At the conclusion of a sparse first day of the show- we actually had enough time to go over to the Summerfield to check out and come back to the Mart while the show was going on- then we headed over to The Conrad. What a marvelous place- the people, the ambiance, the hospitality- all of which were especially appreciated because the employees at our previous hotel had been getting more and more irritable and less hospitable as the days without power dragged on. We got checked in at the Conrad and arrived at our room to find maintenance workers finishing up some job in there. Returning to the front desk, Carlos apologized and accompanied us to the bar- instructing the server there that our first round was on him. I think it was the first time we were totally at ease. I mean, Sam and his neighbor’s houses were beautiful and they were so accommodating to open their homes for us, but we were in a hotel with everything we needed and more, without feeling like we were imposing on anyone.
After our round of drinks, unwinding with great conversation and laugher, we decided to go to the Conrad’s restaurant and have dinner while our room was being finished. Again, we discovered nothing but the best: a gourmet dinner without the gourmet dinner price! I had broiled scallops with steamed vegetables and a mashed potato tart drizzled with truffle sauce. A most awesome meal!
Double-checking with Carlos at the front desk, he said our room was ready and the luggage had been delivered. When we actually got in and were able to take a better look around, I think all our mouths dropped open at the classy décor. In a way, it really was no surprise as we had made the observation about the rest of this high-rise hotel. Seriously, this entire place looked like it came out of Architectural Digest!
From the atrium at the check-in area on the 25th floor, I saw our rooftop pool on the adjoining building. Oh, how inviting! I made up my mind immediately that I was going for a swim as soon as we were settled- and made good on my word, too. I had this rooftop pool all to myself and could see and hear parties going on in some of the other high-rises. Not at all envious of the surrounding social events, I had found my Utopia- and some peaceful solitude to think and reflect on the past few days- in this pool.
Returning to our room, I enjoyed basking in the first HOT shower I’d had in a few days. Like I mentioned earlier, everything at the Conrad was top notch- right down to the Temple Spa shampoo, conditioner, shower gel and lotion. Being a person who acknowledges the importance of aromatherapy and puts it to good use, and perhaps also on some level associating the Temple Spa products with the sanctuary of safety at the Conrad amidst hurricane-damaged Miami, I was immediately in love with these products! They had catchy names, too- a good job on the part of Temple Spa’s marketing folks. The lotion was called “Peace Be Still,” the conditioner was “In Good Condition” and the shampoo name- my favorite of them all- was “Good Hair Day.” From the moment I applied the first product, I was swept away on a sea of relaxing fragrance. I felt pampered just by using each of the Temple Spa amenities. Hopefully one day I will come across Temple Spa again as they are of the highest quality, have the most alluring fragrance formulas and are the most-beloved products I have ever used. Oh, if I only knew then how much I’d treasure those hotel-sized bottles of Temple Spa products when I got home, I would have gotten extras!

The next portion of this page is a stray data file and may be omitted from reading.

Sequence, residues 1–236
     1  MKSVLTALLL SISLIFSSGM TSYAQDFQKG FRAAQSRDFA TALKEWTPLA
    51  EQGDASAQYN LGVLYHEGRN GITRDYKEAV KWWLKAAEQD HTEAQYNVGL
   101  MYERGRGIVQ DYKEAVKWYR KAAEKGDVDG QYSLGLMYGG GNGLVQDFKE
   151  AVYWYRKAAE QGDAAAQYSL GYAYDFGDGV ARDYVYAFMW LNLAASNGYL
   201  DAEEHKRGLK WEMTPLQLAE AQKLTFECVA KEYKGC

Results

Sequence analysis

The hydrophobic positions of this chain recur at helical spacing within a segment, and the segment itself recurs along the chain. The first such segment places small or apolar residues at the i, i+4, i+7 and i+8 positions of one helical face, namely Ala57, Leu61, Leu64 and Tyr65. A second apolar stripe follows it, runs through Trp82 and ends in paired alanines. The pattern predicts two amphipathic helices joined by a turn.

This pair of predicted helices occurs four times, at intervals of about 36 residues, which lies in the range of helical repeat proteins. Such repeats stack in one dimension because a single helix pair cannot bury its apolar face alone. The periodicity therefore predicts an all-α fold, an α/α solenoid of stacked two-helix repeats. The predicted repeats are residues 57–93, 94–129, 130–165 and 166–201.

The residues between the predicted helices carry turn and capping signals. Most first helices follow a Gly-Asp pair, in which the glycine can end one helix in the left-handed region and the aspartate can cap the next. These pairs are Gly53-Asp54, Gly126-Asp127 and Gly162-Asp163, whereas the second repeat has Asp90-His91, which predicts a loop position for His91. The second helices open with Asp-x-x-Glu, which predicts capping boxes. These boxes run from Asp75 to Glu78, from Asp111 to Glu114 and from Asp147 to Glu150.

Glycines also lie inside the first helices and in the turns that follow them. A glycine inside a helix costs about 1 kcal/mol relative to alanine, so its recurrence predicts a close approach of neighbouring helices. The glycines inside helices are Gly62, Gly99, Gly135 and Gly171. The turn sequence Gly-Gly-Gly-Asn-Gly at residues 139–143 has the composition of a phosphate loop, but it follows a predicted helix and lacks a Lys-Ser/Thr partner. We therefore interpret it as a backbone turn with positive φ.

August 28th: And The Award Goes To….
The second day of the show was, again, depressingly slow. You could actually go bowling down the aisles and not hit anyone most of the time. But listening to the media and how bad they said the Miami area had been hit (and such a big part of the city still without power) it was not surprising that many folks either thought the show had been cancelled or that they should not even venture down. By this time, Katrina was churning in the Gulf of Mexico. We had all been watching The Weather Channel once we were able to again, glued to the developments of the storm we had weathered, concerned for those in her possible path…and watching her grow more and more ominous with each passing report.